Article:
DID YOU KNOW?  -- Three years before the 1995 Srebrenica Genocide, Serbs torched Bosniak villages and killed at least 3,166 Bosniaks around Srebrenica. In 1993, the UN described the besieged situation in Srebrenica as a "slow-motion process of genocide." In July 1995, Serbs forcibly expelled 25,000 Bosniaks, brutally raped many women and girls, and systematically killed 8,000+ men and boys (DNA confirmed).

30 August, 2009


BACKGROUND: We thank two honorable individuals, Mr. Amir Karadzic and Mr. Patrick McCarthy, for organizing this event in memory of the Bosnian genocide, which is a legally established case of genocide. Thousands perished in the concentration camps (VIEW PHOTOS). According to Jerusalem Post, "freedom of movement was strictly limited. Muslims and Croats had to wear white bands around their arms and to have white flags on the windows of their apartments." Let us not forget.


The South County Education and University Center of St. Louis Community College, 4115 Meramec Bottom Road, will host the multimedia, historical exhibit, Prijedor: Lives from the Bosnian Genocide from Sept. 1 through Oct. 14.

An opening reception will be held on Tuesday, Sept. 1, 6:30 p.m., with a presentation by Mr. Amir Karadzic.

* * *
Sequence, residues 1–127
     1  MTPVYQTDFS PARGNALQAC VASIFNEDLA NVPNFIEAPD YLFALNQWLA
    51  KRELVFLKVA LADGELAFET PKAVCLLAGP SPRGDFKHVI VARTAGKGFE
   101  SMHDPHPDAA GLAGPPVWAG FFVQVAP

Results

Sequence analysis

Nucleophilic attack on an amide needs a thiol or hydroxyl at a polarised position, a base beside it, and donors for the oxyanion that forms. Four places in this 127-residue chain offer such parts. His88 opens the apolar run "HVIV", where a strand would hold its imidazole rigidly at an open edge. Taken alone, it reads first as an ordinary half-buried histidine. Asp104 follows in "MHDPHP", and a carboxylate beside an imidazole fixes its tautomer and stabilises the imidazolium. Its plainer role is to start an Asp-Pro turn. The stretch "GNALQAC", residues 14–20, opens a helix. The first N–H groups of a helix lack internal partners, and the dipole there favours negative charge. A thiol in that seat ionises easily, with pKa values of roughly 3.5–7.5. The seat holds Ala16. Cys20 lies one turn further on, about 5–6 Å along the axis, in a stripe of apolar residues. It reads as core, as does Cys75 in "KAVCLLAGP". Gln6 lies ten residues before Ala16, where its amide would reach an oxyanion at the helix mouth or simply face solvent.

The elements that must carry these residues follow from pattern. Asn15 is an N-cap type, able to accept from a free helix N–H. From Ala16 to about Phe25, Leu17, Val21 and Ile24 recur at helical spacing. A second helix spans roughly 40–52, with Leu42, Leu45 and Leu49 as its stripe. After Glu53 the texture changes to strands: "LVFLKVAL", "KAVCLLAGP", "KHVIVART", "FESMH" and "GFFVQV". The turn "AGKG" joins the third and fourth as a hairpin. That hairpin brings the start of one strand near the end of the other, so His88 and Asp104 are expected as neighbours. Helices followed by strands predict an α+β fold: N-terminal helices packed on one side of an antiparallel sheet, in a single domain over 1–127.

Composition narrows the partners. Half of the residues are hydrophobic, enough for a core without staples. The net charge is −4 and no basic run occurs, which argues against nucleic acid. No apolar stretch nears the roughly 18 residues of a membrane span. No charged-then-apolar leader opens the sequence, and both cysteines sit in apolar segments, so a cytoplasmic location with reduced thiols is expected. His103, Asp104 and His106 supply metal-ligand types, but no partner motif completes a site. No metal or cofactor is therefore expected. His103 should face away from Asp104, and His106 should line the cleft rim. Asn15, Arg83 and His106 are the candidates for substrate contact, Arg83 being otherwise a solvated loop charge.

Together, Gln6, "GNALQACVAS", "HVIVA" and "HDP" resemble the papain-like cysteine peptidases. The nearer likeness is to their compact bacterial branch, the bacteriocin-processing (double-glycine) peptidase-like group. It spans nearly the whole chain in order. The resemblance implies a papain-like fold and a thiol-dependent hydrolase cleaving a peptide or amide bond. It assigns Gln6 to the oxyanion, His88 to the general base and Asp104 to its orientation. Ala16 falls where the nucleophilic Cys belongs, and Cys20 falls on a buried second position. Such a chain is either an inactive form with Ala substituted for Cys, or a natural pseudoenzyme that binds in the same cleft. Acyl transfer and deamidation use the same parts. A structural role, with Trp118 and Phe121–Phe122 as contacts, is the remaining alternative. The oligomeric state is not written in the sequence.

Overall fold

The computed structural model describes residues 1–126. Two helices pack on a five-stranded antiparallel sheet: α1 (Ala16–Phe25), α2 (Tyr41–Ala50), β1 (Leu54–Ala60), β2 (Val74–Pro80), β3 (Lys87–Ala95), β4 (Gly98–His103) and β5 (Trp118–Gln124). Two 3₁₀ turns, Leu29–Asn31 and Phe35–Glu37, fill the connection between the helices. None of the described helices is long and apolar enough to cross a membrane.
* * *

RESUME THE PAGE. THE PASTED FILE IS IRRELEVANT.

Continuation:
Mr. Karadzic is the director of the St. Louis-based Union of Citizens of the Municipality of Prijedor and heads the research delegation for the exhibit project. A guided exhibit tour and refreshments included.

In addition, special presentation and book signing by Mr. Patrick McCarthy will be held on Thursday, Sept. 3, 12:30 p.m.

Mr. McCarthy serves as the project advisor and has traveled to wartime Sarajevo to found the St. Louis Bosnian Student project, which located scholarship placements for Bosnian students fleeing war zones. He is co-author of the book, "After the Fall: Srebrenica Survivors in St. Louis."

The exhibit focuses on the genocide that occurred during the Bosnian war in the mid-1990s, with special attention given to the Bosnian city of Prijedor.

A video documentary, interview transcriptions of Bosnians currently living in St. Louis and other exhibit content contribute to its powerful message.

Admission to the exhibit and special events is free. On Oct. 15, the exhibit will move to the Meramec campus for approximately one month.

For more information, call 984-6758.